- Check your kit every 6-months or so. During this time look for anything that might be damaged and pull it out. Look for expired foods or foods that will expire in the next six months. Use those items soon rather than throwing them away and make sure to replace anything you removed.
- Reevaluate your kit every year. Has your household size changed? Is there a new dietary restriction or allergy you need to take into account?
It is recommended to store one gallon of water a day for each person in your household. This means a family of four with a 72-hour emergency kit should have 12 gallons of potable water in storage.
Bottled water flies off store shelves when communities are faced with illness, natural disaster, or impending inclement weather. However, unless you’ve been hiding under a rock you should be aware that most bottled water is no better than your tap water and some of it is actually worse because it is stored in thin plastic. When faced with an emergency some water is better than none, but consider the kind of water you’re storing and the source if you’re building a kit in advance of an emergency.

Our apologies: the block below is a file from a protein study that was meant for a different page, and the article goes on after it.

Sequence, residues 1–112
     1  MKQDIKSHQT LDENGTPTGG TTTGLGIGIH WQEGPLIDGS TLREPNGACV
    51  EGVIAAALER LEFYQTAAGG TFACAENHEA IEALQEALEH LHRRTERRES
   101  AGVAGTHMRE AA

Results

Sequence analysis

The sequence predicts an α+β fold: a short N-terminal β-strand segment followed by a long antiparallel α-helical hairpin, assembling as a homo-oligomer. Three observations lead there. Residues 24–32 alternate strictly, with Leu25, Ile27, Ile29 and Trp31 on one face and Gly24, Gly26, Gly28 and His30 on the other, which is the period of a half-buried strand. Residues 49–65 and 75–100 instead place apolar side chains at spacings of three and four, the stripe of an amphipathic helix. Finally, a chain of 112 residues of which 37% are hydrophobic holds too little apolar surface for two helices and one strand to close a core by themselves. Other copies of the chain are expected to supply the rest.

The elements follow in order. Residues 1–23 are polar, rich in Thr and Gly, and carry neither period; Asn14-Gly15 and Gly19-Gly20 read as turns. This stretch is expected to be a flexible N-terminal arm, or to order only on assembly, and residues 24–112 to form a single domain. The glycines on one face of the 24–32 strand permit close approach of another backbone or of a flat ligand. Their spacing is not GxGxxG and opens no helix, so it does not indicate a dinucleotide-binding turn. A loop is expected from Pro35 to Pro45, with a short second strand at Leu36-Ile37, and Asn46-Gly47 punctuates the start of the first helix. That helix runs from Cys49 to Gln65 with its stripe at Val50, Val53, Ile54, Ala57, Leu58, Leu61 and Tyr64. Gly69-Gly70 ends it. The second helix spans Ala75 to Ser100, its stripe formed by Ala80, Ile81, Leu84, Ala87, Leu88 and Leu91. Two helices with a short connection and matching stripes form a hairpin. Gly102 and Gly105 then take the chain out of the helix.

It’s great if you already filter your tap water but in the event that the water stops flowing, having filtration systems won’t do a darn thing to help you.
Water storage containers in varying sizes can be ordered online. Some, like WaterBricks, can be stacked for storage because water really can occupy a lot of space. Many of the containers out there are made of thick, blue plastic. Thick, colored plastic doesn’t let UV rays in and the blue color signals that there is water inside. In the filling process it is important to keep the area and your hands clean so that the water stays safe. Water won’t expire but some people like to swap it out every once in a while, though this isn’t necessary. If you’re storing your water in a basement, make sure it isn’t directly on a concrete floor.